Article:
Malina Simone Jeffers, //
What inspires you?
People inspire me. Lifestyles inspire me. When I see family members with new ideas but no access, I’m energized to continue working to build that access. Or when I see young entrepreneurs working tirelessy to be noticed, to make something work – I’m inspired to connect them, to help them make it work in Indy.
In your opinion, what are the top 3 issues facing your city today?
In my opinion, Indy has to address the education issue and the perceptions around our options, we have to address talent and find ways to retain our students after high school and after college and third, we have to continue to address issues of racial injustice and equality – as do most cities.
You wear many hats. What are one or two projects on which you are currently working that you are most excited?
Right now I’m working with the Central Indiana Community Foundation to raise what will become 2 hundred million dollars. Brian Payne decided to model the community engagement portion of the Indianapolis Foundation’s 100th year anniversary after Ben Franklin’s philanthropic project in 1790. Franklin left money to two cities that couldn’t be touched for 200 years. Now, Indy is changing the narrative around philanthropy and getting 1,000 people to donate $100 and 100 people to donate $1,000 towards two funds that will sit for 100 years. Those dollars are expected to become $100 Million in each of these funds with $5 million granted annually from each fund.
Projects like these that are city specific, innovative and unique – allow people like me to boast about where we live and the power behind us. The community we are today was shaped a century ago, the community we’ll be in 100 years starts with us. How powerful is that? Shameless plug: donations accepted at www.bein2016.org/bff.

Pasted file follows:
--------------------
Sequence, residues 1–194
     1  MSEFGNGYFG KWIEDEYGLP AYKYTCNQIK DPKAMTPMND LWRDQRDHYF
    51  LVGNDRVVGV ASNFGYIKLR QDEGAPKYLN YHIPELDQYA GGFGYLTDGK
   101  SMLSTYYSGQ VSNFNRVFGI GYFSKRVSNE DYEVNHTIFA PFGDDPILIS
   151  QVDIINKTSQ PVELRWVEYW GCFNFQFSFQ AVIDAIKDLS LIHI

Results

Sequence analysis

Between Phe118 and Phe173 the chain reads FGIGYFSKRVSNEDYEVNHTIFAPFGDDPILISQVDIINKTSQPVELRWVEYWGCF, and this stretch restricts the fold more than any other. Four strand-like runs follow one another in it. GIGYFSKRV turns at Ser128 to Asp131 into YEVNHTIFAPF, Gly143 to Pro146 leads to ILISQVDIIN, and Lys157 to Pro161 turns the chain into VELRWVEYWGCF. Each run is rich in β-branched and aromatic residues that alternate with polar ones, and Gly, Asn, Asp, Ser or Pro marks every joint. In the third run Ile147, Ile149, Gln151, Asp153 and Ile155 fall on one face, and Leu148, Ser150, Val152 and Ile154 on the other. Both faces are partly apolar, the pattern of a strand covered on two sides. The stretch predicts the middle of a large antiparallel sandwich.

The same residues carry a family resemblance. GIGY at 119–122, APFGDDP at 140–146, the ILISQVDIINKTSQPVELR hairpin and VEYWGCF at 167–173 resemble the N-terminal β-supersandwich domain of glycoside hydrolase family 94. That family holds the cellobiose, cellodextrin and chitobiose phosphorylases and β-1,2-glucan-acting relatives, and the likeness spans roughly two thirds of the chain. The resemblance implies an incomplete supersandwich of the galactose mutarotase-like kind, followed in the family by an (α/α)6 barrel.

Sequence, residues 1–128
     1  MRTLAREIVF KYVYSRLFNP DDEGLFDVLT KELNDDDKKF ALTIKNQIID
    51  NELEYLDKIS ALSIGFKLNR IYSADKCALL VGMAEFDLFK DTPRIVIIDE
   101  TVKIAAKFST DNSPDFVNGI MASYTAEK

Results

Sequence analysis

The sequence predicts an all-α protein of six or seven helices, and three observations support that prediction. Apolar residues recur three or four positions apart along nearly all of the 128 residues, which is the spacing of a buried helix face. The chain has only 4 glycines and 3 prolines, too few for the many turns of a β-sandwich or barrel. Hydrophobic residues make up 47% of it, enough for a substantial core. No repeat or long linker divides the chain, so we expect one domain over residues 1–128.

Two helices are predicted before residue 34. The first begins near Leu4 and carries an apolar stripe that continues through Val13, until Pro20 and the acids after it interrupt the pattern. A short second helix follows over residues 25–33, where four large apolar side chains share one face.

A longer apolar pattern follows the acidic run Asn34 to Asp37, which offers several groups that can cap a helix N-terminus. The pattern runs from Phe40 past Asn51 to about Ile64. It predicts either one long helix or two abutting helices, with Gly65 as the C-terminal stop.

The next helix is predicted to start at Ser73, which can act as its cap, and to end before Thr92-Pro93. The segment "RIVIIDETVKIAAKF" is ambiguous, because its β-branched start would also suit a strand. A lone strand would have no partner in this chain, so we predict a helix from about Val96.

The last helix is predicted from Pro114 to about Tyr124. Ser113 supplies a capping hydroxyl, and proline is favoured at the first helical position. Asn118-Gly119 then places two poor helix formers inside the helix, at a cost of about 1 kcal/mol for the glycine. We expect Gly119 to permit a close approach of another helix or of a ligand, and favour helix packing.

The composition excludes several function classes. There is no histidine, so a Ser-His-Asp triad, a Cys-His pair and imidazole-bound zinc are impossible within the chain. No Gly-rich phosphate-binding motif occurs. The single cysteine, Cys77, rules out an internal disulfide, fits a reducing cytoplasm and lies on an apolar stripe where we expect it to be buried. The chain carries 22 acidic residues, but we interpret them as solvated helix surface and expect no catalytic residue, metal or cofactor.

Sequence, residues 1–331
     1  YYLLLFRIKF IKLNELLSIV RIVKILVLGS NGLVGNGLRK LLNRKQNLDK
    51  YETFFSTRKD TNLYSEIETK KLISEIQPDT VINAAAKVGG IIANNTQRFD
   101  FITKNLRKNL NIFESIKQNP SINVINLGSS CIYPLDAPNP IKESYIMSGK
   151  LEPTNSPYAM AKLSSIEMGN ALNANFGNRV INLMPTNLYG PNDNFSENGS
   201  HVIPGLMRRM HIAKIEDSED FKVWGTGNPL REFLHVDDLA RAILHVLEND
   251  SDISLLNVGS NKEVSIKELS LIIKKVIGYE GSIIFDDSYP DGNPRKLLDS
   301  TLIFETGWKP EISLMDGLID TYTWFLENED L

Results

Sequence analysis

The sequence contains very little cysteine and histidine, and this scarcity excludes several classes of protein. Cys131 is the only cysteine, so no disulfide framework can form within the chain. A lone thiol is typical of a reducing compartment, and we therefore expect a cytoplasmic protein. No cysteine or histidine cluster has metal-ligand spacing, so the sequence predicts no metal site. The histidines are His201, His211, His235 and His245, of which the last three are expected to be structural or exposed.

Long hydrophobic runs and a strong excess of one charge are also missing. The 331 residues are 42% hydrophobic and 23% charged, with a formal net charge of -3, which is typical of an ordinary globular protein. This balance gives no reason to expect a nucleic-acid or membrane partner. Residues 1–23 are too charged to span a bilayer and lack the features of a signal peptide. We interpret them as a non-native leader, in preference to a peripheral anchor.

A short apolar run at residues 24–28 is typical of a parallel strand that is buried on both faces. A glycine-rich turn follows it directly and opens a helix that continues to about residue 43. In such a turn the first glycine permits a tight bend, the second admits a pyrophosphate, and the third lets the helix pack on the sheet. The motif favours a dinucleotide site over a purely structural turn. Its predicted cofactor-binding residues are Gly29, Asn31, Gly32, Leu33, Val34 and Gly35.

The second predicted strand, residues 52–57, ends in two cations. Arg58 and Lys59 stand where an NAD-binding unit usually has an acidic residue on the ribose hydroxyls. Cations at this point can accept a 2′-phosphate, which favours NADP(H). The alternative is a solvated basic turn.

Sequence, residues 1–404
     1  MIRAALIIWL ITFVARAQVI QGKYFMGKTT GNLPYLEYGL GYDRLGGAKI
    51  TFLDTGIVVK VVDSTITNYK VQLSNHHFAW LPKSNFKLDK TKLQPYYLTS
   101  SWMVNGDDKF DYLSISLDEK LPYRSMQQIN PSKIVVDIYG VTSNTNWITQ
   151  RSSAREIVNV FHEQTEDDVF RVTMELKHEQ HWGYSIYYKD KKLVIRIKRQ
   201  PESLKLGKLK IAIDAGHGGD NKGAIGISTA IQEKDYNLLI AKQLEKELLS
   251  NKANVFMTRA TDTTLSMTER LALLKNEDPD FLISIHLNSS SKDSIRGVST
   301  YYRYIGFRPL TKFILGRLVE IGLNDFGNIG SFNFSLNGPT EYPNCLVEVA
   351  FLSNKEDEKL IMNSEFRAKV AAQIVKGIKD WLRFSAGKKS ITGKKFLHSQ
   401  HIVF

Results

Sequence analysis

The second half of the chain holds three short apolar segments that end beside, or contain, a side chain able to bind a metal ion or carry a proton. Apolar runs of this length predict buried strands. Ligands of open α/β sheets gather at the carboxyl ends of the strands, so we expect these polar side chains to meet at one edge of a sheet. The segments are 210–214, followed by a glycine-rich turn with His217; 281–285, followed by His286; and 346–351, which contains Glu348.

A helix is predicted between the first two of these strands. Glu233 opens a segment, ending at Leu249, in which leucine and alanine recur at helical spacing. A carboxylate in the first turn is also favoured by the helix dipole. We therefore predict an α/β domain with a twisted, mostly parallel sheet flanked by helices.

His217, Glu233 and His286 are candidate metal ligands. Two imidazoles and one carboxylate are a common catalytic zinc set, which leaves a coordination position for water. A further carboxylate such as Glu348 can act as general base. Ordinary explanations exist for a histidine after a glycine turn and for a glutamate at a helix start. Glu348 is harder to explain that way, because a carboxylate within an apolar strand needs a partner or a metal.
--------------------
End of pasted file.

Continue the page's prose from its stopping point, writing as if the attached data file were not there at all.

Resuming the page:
What’s your advice for the next generation of city change makers?
Ask questions. Not being afraid to ask questions shows interest and opens pathways to new ideas. Asking questions leads to more questions which will always spark a new idea. And the next generation needs no help with what to do with ideas – millennials and those after us are an action oriented people. Give us an idea and we’ll run with it.
What should we know about the your work that you haven’t yet mentioned because I didn’t ask the right question?
I think the interesting part about my work are the things that happen in between, the gap fillers. For example, I host panel discussions pretty often and post questions on social media, organize very grass-roots events. These are the things I don’t get paid for, the non-formal work, but quite often this is where sparks happen. This is where people can ask the questions they want to ask and have the tough conversations. I’d encourage us to look deeper into the the activity that happens on the sidelines and realize the importance in the open mic nights hosted by our young talent and the discussions on race organized by emerging advocates – that’s where the magic happens.
Finally, could you tell us something about yourself than most of your colleagues don’t know about you?
I’m an introvert. I play socialite in the day time and I love telling stories but I don’t get energy from it. I’d rather be writing all day. Maybe that’s no secret.